Thursday, February 2, 2012
Dusty Thursday: Dating your Dusty
Since Dusty Thursday is a regular feature now, I thought I'd share some standard tips about how to identify dusties. I'm not a dusty expert myself, but I've read a lot of research that real experts have done. One of the best resources for dusty knowledge is Greg, over at Bourbon Dork, and I would urge you to read his series on Dusty Hunting. Another great resource is the Jack Daniel's Collectors Page which goes into much more detail than I do here.
So you found a dusty bottle of bourbon on the shelf of the corner store. It looks old, but you have no idea how old it is? How do you find out? Well, here are some initial things to ask yourself.
Does the bottle have a tax stamp?
If you're old like me, you'll remember those colored strips of paper that used to go over the cap of all alcohol bottles. That's the tax stamp. Use of the tax stamps was discontinued in 1985, but after they were discontinued, some brands kept using them. In fact, some still do for aesthetic purposes, but the key is that they don't have any numbers stamped on them. We call those faux tax stamps.
Is the volume listed in metric measurements?
Prior to 1980, bottles were listed in standard measurements: pint, quart, gallon, or fraction thereof. For some reason, the US, which didn't convert to the metric system on anything else, converted on alcohol volume such that now volume is listed in liters or milliliters. Beginning in 1980, all bottles were required to use metric measurements.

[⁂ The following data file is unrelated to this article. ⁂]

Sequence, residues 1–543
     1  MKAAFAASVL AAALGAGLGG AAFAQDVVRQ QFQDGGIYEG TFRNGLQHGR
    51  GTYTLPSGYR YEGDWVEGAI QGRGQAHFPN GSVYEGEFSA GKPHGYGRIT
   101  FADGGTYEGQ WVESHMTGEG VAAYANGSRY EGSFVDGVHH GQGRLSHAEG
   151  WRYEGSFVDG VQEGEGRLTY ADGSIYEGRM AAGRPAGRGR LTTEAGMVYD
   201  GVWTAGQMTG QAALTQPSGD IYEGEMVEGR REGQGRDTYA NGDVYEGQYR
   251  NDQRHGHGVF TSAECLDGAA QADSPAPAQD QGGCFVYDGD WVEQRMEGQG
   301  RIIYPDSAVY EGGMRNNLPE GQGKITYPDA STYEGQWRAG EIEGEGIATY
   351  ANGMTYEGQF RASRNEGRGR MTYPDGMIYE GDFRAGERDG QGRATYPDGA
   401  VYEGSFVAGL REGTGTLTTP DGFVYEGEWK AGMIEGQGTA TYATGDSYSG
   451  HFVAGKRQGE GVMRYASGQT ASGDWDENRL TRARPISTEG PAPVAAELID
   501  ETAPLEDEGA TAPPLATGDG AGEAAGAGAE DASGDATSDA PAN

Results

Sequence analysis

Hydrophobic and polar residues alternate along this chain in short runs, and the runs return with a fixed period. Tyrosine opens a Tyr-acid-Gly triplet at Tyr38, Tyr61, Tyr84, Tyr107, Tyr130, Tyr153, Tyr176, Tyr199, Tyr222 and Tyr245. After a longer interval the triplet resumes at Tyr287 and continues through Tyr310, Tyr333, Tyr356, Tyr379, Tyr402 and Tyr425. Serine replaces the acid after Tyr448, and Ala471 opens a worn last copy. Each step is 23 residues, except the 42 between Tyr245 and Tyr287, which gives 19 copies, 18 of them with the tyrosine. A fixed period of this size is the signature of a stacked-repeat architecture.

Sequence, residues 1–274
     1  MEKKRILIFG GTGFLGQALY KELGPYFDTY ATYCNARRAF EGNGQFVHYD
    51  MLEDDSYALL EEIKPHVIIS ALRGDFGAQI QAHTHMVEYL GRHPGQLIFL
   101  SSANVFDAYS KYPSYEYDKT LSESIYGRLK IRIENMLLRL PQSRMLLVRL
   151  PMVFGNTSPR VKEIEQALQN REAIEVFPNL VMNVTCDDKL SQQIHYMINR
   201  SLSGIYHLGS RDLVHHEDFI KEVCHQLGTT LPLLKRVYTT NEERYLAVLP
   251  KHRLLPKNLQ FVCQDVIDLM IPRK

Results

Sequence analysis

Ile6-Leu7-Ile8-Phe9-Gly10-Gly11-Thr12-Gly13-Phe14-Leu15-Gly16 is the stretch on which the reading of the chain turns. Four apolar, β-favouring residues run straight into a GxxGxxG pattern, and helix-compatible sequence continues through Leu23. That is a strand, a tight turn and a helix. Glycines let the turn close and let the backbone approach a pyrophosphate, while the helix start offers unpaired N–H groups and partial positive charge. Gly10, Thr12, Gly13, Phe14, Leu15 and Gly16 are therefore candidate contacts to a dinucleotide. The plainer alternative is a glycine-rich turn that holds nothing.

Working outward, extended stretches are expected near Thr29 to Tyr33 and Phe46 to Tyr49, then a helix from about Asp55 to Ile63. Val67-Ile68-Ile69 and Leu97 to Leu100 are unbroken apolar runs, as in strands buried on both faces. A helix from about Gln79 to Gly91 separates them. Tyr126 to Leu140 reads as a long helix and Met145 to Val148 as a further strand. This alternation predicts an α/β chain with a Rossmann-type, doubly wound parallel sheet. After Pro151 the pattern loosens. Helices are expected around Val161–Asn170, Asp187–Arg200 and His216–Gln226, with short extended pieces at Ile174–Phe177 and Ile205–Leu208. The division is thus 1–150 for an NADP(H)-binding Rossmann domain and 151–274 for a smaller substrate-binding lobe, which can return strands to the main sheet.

Is the alcohol content listed in proof or abv?
As of 1990, alcohol content had to be listed by percentage of abv (alcohol by volume). However, prior to that, many spritis had already switched to abv. or were using abv as well as proof (which is still permissible). However, if only proof is listed, you know the bottle is definitely older than 1990.
Is there a UPC code?
The presence of the UPC code alone doesn't provide a precise date, but they came into use around the late 1970s and early 1980s.
Is there a government warning?
The ubiquitous government warning that appears on all spirits was mandated as of 1989.
Is there a two digit number on the bottom of the bottle?
Many bottles include a two-digit date code on the bottom indicating when the bottle was made. Not all bottles have this and it's not always easy to tell what it is because some use multiple numbers. Many bottles go directly into circulation after being made so this is a good indicator of the approximate bottling date for the spirit, but it is not always the case. I have seen examples of older bottle codes on newer whiskeys. So while not full proof, bottle codes are a fairly reliable indicator of the general period.
Distillery/Brand specific information.
It pays to know some history of the distilleries and brands you like. Changes to the label design, proof, name of the brand or address can give you clues as to the age of the bottle.
Now you are armed with the information. Head to your corner "Liquor/Deli/Lottery" store and start looking through the dust!